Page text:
To date, the methods and devices for regulating the transmission of radiant energy have involved, usually, mechanical or electro-mechanical devices. Typical examples of such devices are the shutters used on the normal building window or on a camera, as well as the filters which can be mounted over the window or over the camera lens. However, such prior art devices have a number of disadvantages. A basic disadvantage is that all such mechanical and electro-mechanical shutters and filters are external to the optical structure (i.e., the window or camera lens) and thus decrease the esthetic appeal of the optical part. Also, such structures are subject to mechanical positioning problems with respect to the optical part. Furthermore, shutters customarily restrict the field of vision of the optical system while the usual filter is not capable of adjustment with respect to the amount of radiant energy transmitted.

OBJECTS OF THE INVENTION

It is, therefore, an object of the present invention to provide a method for easily and reversibly regulating the transmission of radiant energy.

It is further object of the present invention to provide a novel radiant energy filter.

It is a further object of the present invention to provide a novel radiant energy filter based upon electrochemical principles wherein the color of a dye can be caused to change thereby regulating the transmission of radiant energy therethrough, said filter having, in various elements thereof, first and second ionic species which are related by a reversible reduction-oxidation electrochemical reaction.

It is a further object of the present invention to provide a process for the regulation of the transmission of radiant energy wherein once a particular color has been developed in the radiant energy filter, it may be permanently maintained by terminating the external potential.

Another object of the present invention is the provision of a method for the electrolytic regulation of the transmission of radiant energy which requires low electrical potential.

These and still further objects, features and advantages of the present invention will become apparent upon consideration of the following detail disclosure of specific exemplary embodiments thereof.

BRIEF SUMMARY OF THE INVENTION

The above and still further objects, features and advantages of the present invention are achieved, in accordance therewith, by providing a radiant energy filter comprising an electrolytically conductive layer comprising a first film having a first ionic species associated therewith, a second film having a second ionic species associated therewith, and a barrier means sandwiched therebetween. The first film also includes a dye dispersed therein, the color of which starts to change at a particular half-cell electrical potential. More particularly, the color of the dye starts to change at a particular electrical potential and continues a gradual color change over a known potential range. The first and second ionic species in the first and second films, respectively, are related by a reversible electrochemical reaction, that is, the species are related by a reversible reduction-oxidation equation whereby, by the application of external potential, the respective species can be made to change oxidation states. Also associated with the first film and the second film is at least a third ionic species suitable for conducting current through the electrolytically conductive layer. The afore-mentioned barrier means is adapted to prevent the passage therethrough of the dye, the first ionic species and the second ionic species but is adapted to permit the passage therethrough of at least the third ionic species, i.e., the current-carrying ions.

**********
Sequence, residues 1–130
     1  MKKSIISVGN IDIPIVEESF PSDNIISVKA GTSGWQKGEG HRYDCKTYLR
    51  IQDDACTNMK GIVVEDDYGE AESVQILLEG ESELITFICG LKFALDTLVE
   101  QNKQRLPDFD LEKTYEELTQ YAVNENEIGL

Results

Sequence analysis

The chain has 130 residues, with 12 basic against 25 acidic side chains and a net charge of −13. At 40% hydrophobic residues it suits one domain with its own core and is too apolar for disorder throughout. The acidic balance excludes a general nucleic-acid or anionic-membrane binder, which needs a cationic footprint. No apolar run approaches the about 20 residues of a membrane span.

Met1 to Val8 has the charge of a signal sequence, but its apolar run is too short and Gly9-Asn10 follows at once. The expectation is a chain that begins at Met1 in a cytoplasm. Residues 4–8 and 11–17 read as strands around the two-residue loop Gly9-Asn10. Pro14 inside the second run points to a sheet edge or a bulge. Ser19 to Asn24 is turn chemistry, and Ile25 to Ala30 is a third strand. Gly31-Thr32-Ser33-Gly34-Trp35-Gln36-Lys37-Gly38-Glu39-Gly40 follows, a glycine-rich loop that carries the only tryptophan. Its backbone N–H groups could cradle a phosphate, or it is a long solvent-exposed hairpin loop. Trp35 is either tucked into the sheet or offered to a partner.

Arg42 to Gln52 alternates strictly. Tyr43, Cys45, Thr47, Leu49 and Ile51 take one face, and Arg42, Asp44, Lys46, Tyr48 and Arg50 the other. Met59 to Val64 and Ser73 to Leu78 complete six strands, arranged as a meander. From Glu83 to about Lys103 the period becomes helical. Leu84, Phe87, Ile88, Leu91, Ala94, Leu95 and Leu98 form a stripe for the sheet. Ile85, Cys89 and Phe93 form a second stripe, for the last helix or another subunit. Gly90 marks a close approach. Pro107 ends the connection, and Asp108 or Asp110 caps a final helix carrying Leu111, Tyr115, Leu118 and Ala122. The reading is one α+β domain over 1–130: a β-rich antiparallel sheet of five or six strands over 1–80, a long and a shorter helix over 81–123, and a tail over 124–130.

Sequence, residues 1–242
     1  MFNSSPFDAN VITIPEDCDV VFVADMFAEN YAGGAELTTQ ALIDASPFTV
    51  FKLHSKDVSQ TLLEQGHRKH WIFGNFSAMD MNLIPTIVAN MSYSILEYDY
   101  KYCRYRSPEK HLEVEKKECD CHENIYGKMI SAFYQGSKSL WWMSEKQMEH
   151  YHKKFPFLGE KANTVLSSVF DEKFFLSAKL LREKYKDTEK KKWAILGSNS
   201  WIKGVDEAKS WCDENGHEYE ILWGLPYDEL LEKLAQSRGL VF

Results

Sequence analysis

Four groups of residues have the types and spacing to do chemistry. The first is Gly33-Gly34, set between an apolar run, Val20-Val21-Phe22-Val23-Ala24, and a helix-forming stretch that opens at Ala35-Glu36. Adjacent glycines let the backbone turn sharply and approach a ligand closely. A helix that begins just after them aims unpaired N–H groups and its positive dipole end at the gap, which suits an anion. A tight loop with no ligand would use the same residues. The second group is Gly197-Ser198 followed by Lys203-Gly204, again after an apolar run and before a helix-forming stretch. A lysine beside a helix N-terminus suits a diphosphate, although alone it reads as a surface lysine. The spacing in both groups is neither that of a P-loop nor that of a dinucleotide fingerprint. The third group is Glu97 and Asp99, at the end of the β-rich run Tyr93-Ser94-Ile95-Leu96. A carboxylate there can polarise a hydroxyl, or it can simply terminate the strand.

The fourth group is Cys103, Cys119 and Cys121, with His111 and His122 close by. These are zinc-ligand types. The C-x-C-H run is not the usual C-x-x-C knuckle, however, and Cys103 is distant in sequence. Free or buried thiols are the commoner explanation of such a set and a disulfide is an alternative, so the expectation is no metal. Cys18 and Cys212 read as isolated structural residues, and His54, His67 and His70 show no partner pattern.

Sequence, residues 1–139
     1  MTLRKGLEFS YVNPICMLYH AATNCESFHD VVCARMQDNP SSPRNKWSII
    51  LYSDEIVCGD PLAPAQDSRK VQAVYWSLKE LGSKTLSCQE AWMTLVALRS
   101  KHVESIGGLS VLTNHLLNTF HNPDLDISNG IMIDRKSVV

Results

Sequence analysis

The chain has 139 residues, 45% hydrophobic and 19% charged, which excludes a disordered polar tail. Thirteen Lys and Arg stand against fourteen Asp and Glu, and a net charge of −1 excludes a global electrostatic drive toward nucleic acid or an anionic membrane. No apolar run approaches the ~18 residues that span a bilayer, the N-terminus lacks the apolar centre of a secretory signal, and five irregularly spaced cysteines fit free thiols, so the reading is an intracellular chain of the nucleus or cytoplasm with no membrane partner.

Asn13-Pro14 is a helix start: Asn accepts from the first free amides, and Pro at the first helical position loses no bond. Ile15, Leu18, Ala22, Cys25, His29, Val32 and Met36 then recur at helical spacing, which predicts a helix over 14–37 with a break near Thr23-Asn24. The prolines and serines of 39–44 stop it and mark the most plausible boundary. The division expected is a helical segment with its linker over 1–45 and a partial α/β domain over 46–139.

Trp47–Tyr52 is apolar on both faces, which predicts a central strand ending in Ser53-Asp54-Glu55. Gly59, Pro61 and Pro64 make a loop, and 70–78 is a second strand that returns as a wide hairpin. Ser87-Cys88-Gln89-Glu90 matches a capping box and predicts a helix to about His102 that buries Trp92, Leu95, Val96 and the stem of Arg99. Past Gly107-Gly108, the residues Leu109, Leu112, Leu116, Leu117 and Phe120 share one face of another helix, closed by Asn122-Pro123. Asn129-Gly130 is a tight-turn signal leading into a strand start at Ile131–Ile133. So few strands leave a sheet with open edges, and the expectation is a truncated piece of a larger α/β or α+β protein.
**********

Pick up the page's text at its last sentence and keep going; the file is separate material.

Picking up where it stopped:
The dye is selected such that a reversible color reaction can be caused by the application of external potential to the radiant energy filter. This can be achieved, for example, by providing a dye which changes from a colorless to a colored state, or vice versa, or from a highly colored to a less colored state, or vice versa, at a particular electrical potential or potential range which will be traversed by the operation of the radiant energy filter during the course of external potential application thereto. A particularly suitable combination is where the dye begins to change color at a potential approximately mid-way between the respective half-cell potentials of the first and second ionic species, each half-cell potential being individually determined in the absence of the other ionic species and with reference to a standard hydrogen electrode.

On opposite sides of the electrolytically conductive layer are transparent, or at least translucent, electrodes through which transmission of the radiant energy being filtered is made. Since the electrodes will be in contact with the first and second films which will have various chemical species therein, the electrodes must be sufficiently chemically resistant so that they will not be adversely affected during prolonged use. A particularly suitable electrode is tin oxide coated glass which can be purchased under the trade name NESA glass, a product of Pittsburgh Plate and Glass Company, Pittsburgh, Pennsylvania.

In the transmission regulating process, a potential is applied to the radiant energy filter. By proper selection of the dye and the potential applied to the filter, the dye can be caused to change color at a particular half-cell potential whereby the transmission of radiant energy will be affected. By changing color, it is meant (a) going from a colorless state to a colored state, (b) going from a colored state to a colorless state, (c) going from a highly colored state to a less colored state or vice versa, or (d) going from one color to another color.

BRIEF DESCRIPTION OF THE DRAWINGS

To facilitate understanding of the present invention, reference will now be made to the appended drawings representing a preferred specific embodiment of the present invention. Such drawings should not be construed as a limitation upon the present invention which is properly set forth in the claims appended hereto.

In the drawings: